One well equipped, one well optioned
As similar as our two competitors are, there's one big difference: $11,330. That's the price gap between our $35,150 Mini Cooper S Countryman ALL4 and $23,820 Nissan Juke SV AWD. Nissan and Mini both offer front-wheel-drive variants and manual transmissions, but we wanted all-wheel drive for the all-weather traction and performance handling benefits. Making that choice, however, requires giving up the Juke's do-it-yourself gearbox for a continuously variable transmission. Our mid-level Juke SV came well equipped with several standard features that you'lll pay extra for in the Mini, such as passive entry, automatic climate control, Bluetooth, and a USB port. The only option on our tester was the $800 navigation package that adds a small, five-inch touch screen and upgraded speakers with a Rockford Fosgate subwoofer.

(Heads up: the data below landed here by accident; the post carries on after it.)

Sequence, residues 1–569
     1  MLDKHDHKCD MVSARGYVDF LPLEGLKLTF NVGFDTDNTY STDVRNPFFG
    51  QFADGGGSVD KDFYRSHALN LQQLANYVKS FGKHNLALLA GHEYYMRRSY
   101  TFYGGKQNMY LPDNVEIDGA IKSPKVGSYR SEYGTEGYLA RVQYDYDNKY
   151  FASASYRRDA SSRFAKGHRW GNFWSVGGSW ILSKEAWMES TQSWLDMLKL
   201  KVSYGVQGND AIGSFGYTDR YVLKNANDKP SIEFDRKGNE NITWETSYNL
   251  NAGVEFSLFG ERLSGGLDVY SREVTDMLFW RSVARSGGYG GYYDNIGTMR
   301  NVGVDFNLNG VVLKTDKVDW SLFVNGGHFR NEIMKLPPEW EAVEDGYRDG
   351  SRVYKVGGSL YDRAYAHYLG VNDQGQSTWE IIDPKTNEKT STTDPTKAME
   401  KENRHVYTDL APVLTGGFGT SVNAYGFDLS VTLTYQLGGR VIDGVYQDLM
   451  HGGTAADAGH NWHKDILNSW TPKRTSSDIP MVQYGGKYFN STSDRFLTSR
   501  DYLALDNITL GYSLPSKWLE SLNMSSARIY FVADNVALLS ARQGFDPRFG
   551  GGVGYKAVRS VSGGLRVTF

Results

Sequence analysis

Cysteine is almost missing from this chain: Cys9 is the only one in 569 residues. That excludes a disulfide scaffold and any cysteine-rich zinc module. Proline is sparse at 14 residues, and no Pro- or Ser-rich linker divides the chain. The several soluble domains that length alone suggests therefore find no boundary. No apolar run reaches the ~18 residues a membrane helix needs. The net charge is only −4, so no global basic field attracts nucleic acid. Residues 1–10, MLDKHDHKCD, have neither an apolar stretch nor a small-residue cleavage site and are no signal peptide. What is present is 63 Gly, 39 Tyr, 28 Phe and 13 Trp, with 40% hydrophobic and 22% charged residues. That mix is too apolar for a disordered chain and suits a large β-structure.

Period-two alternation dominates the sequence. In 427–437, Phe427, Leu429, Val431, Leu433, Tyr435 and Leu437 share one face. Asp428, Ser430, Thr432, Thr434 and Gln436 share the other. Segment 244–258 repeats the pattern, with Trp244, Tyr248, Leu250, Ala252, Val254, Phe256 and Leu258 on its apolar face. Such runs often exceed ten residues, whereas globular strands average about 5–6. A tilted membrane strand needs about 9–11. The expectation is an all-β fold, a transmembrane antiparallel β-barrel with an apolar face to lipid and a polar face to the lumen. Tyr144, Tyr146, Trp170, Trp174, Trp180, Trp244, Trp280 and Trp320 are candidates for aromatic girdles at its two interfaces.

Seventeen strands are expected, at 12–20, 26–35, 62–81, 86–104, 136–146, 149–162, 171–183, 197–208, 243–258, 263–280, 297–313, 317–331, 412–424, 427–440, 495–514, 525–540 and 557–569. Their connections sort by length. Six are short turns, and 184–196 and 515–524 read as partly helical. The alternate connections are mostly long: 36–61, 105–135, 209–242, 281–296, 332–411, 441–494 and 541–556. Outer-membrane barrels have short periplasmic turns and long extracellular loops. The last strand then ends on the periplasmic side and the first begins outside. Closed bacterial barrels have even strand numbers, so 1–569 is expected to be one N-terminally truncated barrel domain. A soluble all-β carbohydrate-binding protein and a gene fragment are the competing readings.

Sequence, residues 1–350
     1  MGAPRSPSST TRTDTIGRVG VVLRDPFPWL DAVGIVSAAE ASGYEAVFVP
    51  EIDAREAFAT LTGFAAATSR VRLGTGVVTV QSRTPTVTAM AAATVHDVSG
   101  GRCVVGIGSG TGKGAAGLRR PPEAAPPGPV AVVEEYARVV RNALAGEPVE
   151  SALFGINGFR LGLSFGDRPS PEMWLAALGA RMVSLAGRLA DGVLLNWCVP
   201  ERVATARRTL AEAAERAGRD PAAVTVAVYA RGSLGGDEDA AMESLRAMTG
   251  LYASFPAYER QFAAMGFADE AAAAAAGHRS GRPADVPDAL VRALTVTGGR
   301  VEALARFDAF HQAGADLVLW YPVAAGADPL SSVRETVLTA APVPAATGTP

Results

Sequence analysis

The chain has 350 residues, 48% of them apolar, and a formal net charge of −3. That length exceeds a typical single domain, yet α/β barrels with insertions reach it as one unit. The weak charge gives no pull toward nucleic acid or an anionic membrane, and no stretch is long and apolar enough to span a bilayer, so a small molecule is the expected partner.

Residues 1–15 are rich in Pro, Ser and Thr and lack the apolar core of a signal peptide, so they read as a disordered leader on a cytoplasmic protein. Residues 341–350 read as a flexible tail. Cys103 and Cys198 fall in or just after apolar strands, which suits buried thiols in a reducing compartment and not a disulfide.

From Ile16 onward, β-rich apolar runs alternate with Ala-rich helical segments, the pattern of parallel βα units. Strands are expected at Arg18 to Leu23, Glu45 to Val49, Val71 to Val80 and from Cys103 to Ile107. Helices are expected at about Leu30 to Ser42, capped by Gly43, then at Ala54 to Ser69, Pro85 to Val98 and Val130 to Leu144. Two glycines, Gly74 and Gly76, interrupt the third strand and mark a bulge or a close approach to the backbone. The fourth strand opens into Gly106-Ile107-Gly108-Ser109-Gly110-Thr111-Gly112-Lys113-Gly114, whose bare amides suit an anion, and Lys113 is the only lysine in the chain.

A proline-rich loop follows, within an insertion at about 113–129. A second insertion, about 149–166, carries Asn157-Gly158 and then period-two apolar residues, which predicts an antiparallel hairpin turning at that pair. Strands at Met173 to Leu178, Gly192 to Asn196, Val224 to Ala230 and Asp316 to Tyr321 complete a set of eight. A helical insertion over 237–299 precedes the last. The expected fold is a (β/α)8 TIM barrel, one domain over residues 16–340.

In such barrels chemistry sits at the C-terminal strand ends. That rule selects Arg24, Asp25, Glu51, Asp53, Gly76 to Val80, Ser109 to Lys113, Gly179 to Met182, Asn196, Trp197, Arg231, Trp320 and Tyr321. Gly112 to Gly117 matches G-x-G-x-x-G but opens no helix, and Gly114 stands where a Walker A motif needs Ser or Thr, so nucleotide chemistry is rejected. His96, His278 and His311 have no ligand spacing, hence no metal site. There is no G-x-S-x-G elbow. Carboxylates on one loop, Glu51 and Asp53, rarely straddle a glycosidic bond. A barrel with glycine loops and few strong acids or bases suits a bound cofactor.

Compared to the relatively straightforward Juke, the Countryman is the Burger King of cars. Have it your way with a gazillion possible combinations of colors, decals, interior trim, convenience equipment, and drivetrain hardware. Stepping up to an all-wheel-drive ALL4 model automatically upgrades the 121-hp normally aspirated 1.6-liter to the 188-hp turbocharged unit, and we selected the six-speed automatic to play against the Juke's CVT. Starting price: $28,200. But our Countryman represented the top of the range with every major option save for the new Mini Connected infotainment system. The $6,250 worth of extras included a Harman-Kardon audio system, a dual-pane sunroof, automatic climate control, passive entry, heated front seats, backup sensors, and the sport package. To accommodate our snowy test, Mini replaced the sport package's 18-inch summer rubber with Bridgestone Blizzak LM-60 winter tires. While we asked for season-specific tires from Nissan, the Juke arrived wearing its standard 17-inch Goodyear Eagle RS-A all-seasons.